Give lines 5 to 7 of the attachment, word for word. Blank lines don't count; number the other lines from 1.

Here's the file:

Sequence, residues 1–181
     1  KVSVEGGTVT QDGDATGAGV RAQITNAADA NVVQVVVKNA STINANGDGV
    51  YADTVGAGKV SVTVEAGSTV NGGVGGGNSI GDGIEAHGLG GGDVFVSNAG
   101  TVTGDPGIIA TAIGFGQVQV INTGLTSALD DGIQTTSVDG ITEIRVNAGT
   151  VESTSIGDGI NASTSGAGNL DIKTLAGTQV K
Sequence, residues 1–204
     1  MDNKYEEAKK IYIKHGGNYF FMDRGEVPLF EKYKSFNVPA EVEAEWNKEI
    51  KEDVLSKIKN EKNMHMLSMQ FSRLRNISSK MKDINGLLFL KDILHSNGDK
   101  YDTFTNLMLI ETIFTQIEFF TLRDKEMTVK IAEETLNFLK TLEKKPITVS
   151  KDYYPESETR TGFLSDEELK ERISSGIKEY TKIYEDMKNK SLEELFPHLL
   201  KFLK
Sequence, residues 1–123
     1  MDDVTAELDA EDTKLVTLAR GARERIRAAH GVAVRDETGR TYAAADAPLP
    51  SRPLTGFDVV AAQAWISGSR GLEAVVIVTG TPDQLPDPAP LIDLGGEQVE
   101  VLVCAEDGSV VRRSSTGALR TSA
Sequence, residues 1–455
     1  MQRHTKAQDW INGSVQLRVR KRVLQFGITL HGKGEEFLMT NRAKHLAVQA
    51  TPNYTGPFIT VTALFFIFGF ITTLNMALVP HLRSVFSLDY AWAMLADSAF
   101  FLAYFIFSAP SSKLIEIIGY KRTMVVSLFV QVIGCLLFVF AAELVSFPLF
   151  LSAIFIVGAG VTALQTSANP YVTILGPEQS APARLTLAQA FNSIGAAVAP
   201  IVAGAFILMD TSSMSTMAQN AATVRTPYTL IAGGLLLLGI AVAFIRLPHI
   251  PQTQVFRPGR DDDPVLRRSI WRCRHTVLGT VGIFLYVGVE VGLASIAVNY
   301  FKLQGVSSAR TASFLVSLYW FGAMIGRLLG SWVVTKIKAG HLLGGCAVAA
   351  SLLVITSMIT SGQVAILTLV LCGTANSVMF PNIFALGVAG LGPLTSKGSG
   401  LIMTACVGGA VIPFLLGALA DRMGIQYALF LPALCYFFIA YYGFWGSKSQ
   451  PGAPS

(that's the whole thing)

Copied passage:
   151  VESTSIGDGI NASTSGAGNL DIKTLAGTQV K
Sequence, residues 1–204
     1  MDNKYEEAKK IYIKHGGNYF FMDRGEVPLF EKYKSFNVPA EVEAEWNKEI